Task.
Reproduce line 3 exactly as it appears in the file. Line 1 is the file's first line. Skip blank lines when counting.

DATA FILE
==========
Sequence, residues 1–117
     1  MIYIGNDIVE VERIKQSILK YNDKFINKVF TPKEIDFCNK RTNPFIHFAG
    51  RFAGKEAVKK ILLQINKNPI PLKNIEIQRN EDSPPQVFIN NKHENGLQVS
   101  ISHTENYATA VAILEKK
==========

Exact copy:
    51  RFAGKEAVKK ILLQINKNPI PLKNIEIQRN EDSPPQVFIN NKHENGLQVS